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Sweaty feet is one of the biggest problems police officers, soldiers, hunters, and people who work all day have with their boots. Not only is it uncomfortable, but heat and sweat creates the perfect breeding ground for bacteria and fungus, which can cause itching, peeling, cracking, odor, and pain.
The tips below will help you to keep your feet from sweating in your boots as long as you do not have a medical condition like hyperhidrosis.
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#1 – Choose The Right Boots
If you work in a high-temperature environment and there is very little chance that you will encounter puddles or other water sources, you should forego the waterproof boots and instead choose warm weather options such as military boots, summer boots, or a lightweight general purpose boot. Any of these options are more breathable and lightweight, so they will keep your feet much cooler than their heavier waterproof or insulated counterparts.
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#2 – Wear Absorbent Socks
If your feet continue to sweat, even after switching to a lightweight, breathable boot, then make sure you invest in some quality, absorbent socks. Cotton is a popular material but is not the best choice for hot feet! The goal is to wick the moisture away from your feet to help prevent athlete’s foot, odor, and blisters. Better materials include merino wool, polyester, Coolmax, Olefin, and DryMax or a combination of these. Even though your socks may end up damp at the end of the day, your feet should remain dry and comfortable.
There is also no reason why you can’t bring extra socks and change them as needed throughout the day when you need a dry pair.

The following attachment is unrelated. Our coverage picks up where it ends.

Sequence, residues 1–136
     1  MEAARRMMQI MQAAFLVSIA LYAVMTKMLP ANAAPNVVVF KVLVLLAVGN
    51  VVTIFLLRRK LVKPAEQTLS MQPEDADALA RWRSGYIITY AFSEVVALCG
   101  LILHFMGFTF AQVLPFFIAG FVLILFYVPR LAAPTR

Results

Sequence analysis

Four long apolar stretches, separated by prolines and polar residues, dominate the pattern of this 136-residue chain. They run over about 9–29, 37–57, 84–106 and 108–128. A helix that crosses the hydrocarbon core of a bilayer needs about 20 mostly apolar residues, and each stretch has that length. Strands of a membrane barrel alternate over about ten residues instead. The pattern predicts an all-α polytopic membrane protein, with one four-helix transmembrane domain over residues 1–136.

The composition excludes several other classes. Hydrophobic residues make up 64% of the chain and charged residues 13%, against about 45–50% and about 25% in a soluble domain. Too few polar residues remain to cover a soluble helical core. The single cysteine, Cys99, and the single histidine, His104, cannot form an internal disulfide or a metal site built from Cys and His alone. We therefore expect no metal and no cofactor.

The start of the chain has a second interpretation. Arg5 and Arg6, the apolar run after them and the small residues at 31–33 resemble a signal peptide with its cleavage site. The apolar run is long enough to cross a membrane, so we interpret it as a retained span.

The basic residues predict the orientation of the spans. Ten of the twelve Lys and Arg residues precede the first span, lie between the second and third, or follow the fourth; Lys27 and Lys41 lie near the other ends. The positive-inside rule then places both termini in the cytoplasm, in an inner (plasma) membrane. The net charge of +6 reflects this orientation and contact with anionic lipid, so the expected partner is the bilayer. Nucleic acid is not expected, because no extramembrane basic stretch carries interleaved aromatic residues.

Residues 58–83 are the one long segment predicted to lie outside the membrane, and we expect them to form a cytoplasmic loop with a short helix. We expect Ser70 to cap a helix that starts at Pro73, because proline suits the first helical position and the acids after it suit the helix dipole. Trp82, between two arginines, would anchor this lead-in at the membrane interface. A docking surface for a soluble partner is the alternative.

#3 – Try Cooling Foot Powder
If you have only mild to moderate foot sweat, you might want to consider using a top-rated foot powder. These come in many formulations, and some even provide cooling relief on contact. Apply the powder directly to your feet before putting on your socks, and sprinkle some inside your each day before putting them on. The powder will absorb extra moisture.
#4 – Use an Antiperspirant
Another thing you can try involves using a spray-on powder antiperspirant on your feet each day before you lace up your work boots. Hold the can about six inches from your foot, spread your toes, and spray on a light, even coat. This may help reduce the amount of sweat your feet produce, but it does not work for everyone. Stick, gel, and roll-on antiperspirants are not as effective on feet as spray powders.
#5 – Let Your Feet Breathe
Finally, if you are in a situation that allows it, just take your boots and socks off on your breaks and let your feet breathe! Taking the time to dry them out and cool them off two or three times per day can go a long way to maintaining your comfort, keeping itchy athlete’s foot at bay, and even preventing the odor.
Palmoplantar hyperhidrosis is the medical condition of excessive sweat from the soles of the feet. Here are some of the more involved medical solutions to this problem, which could be suggested by your doctor.